   For simplicity, 1 dimensional data and k=2.
   data: 1, 2, 5, 6,7
   K-means:
        Randomly select 5 and 6 as initial centroids;
        => Two clusters {1,2,5} and {6,7}; meanC1=8/3,
         meanC2=6.5
        => {1,2}, {5,6,7}; meanC1=1.5, meanC2=6
        => no change.
        Aggregate dissimilarity = 0.5^2 + 0.5^2 + 1^2 + 1^2
         = 2.5

        UIC - CS 594                                       22
         Comments on K-Means
   Strength: efficient: O(tkn), where n is # data points, k is
    # clusters, and t is # iterations. Normally, k, t << n.
   Comment: Often terminates at a local optimum. The
    global optimum may be found using techniques such as:
    deterministic annealing and genetic algorithms
   Weakness
       Applicable only when mean is defined, difficult for categorical data
       Need to specify k, the number of clusters, in advance
       Sensitive to noisy data and outliers
       Not suitable to discover clusters with non-convex shapes
       Sensitive to initial seeds

        UIC - CS 594                                                       23
    Variations of the K-Means Method
   A few variants of the k-means which differ in
       Selection of the initial k seeds
       Dissimilarity measures
       Strategies to calculate cluster means
   Handling categorical data: k-modes
       Replacing means of clusters with modes
       Using new dissimilarity measures to deal with
        categorical objects
       Using a frequency based method to update modes of
        clusters
        UIC - CS 594                                        24
        k-Medoids clustering method
   k-Means algorithm is sensitive to outliers
        Since an object with an extremely large value may
         substantially distort the distribution of the data.
   Medoid – the most centrally located point in a
    cluster, as a representative point of the cluster.
   An example



                                                    Initial Medoids


   In contrast, a centroid is not necessarily inside a
    cluster.
        UIC - CS 594                                                  25
         Partition Around Medoids
   PAM:
    1.    Given k
    2.    Randomly pick k instances as initial medoids
    3.    Assign each data point to the nearest medoid x
    4.    Calculate the objective function
              the sum of dissimilarities of all points to their
               nearest medoids. (squared-error criterion)
    5.    Randomly select an point y
    6.    Swap x by y if the swap reduces the objective
          function
    7.    Repeat (3-6) until no change
         UIC - CS 594                                              26
         Comments on PAM
                                               Outlier (100 unit away)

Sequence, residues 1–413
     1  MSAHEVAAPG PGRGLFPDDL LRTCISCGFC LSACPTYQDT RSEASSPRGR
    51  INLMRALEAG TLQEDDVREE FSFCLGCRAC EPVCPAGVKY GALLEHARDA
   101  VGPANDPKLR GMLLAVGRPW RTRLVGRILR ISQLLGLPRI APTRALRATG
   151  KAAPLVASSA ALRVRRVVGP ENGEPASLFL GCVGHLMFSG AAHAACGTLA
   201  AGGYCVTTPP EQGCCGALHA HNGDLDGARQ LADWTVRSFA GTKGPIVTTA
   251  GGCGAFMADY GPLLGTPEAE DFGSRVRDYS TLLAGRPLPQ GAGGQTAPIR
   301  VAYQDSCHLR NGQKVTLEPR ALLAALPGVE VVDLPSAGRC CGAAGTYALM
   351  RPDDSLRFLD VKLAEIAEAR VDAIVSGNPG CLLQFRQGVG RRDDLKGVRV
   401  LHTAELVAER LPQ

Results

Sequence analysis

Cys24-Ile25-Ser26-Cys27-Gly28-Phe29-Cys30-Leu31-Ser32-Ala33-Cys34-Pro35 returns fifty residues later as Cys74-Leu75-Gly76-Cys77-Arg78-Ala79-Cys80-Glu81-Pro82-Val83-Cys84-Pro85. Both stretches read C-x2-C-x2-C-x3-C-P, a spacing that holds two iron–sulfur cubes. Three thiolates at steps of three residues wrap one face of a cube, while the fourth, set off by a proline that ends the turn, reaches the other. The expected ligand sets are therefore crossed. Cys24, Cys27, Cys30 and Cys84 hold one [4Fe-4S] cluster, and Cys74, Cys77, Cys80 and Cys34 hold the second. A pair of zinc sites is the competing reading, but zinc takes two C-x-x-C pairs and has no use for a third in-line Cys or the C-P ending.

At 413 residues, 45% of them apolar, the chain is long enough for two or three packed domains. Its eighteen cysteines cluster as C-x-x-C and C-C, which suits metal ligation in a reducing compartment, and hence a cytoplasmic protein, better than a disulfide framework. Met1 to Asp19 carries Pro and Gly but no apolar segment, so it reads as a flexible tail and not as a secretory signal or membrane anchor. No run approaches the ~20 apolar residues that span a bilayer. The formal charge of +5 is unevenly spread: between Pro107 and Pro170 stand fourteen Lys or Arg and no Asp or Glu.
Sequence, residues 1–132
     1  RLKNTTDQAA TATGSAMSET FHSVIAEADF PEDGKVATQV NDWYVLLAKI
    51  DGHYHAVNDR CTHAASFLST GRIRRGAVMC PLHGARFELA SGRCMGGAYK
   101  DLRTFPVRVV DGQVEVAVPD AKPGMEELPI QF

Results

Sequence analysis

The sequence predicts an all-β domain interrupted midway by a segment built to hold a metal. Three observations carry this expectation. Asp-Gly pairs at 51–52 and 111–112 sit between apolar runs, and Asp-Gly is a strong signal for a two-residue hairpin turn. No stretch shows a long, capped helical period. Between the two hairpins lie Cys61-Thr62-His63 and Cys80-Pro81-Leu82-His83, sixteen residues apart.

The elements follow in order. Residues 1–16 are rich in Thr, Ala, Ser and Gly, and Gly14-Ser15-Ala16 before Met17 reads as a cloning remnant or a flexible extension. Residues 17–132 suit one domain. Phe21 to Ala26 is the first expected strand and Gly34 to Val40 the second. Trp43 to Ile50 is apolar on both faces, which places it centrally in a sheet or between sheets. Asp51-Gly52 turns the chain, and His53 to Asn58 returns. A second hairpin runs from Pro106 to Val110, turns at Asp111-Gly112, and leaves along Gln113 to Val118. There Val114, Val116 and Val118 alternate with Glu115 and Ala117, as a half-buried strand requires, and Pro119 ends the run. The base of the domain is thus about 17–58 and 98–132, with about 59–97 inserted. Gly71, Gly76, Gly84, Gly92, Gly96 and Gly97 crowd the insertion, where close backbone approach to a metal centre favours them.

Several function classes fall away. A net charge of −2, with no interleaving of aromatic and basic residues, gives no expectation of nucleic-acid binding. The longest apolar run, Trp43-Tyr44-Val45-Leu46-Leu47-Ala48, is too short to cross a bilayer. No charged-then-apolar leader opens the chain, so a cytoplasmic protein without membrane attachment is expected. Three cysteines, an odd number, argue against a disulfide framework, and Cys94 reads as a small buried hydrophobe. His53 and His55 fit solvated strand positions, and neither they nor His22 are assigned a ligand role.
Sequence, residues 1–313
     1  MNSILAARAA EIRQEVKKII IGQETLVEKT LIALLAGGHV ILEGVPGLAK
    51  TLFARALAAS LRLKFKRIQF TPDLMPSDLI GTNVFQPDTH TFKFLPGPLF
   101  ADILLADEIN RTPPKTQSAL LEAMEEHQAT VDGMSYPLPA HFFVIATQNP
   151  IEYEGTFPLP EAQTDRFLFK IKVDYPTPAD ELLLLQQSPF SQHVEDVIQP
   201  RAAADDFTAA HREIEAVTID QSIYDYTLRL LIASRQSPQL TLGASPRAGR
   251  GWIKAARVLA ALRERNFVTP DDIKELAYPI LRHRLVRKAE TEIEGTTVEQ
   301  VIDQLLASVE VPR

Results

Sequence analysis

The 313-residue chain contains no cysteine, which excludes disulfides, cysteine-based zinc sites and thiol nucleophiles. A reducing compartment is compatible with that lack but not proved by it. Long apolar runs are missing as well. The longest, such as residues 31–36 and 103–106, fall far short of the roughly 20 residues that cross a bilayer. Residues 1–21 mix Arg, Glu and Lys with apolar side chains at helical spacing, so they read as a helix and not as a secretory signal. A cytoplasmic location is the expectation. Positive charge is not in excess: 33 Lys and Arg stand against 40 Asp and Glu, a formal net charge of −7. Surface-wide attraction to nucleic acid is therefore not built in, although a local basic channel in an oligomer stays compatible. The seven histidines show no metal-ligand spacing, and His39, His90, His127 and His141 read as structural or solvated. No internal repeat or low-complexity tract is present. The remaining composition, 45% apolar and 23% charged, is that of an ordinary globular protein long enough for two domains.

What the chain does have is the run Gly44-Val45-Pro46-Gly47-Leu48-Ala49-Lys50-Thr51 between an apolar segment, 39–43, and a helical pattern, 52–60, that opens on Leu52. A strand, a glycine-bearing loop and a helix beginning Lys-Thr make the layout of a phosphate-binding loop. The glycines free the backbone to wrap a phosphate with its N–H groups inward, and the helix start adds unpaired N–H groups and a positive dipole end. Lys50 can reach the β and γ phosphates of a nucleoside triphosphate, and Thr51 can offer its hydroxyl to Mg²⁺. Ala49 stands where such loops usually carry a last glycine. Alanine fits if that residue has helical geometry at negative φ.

   Pam is more robust than k-means in the
    presence of noise and outliers because a
    medoid is less influenced by outliers or
    other extreme values than a mean
    (why?)
   Pam works well for small data sets but
    does not scale well for large data sets.
       O(k(n-k)2 ) for each change

    where n is # of data, k is # of clusters
         UIC - CS 594                                               27
CLARA: Clustering Large Applications
   CLARA: Built in statistical analysis packages, such
    as S+
   It draws multiple samples of the data set, applies
    PAM on each sample, and gives the best
    clustering as the output
   Strength: deals with larger data sets than PAM
   Weakness:
       Efficiency depends on the sample size
       A good clustering based on samples will not
        necessarily represent a good clustering of the whole
        data set if the sample is biased
   There are other scale-up methods e.g., CLARANS
        UIC - CS 594                                           28
       Hierarchical Clustering
   Use distance matrix for clustering. This method
    does not require the number of clusters k as an
    input, but needs a termination condition

        Step 0       Step 1   Step 2 Step 3 Step 4   agglomerative

        a
                     ab
        b                               abcde
        c
                                   cde
        d
                              de
        e
                                                      divisive
        Step 4       Step 3   Step 2 Step 1 Step 0
      UIC - CS 594                                                   29
                     Agglomerative Clustering
         At the beginning, each data point forms a cluster
         (also called a node).
         Merge nodes/clusters that have the least
         dissimilarity.
         Go on merging
         Eventually all nodes belong to the same cluster
10                                                10                                                10

9                                                 9                                                 9

8                                                 8                                                 8

7                                                 7                                                 7

6                                                 6                                                 6

5                                                 5                                                 5

4                                                 4                                                 4

3                                                 3                                                 3

2                                                 2                                                 2

1                                                 1                                                 1

0                                                 0                                                 0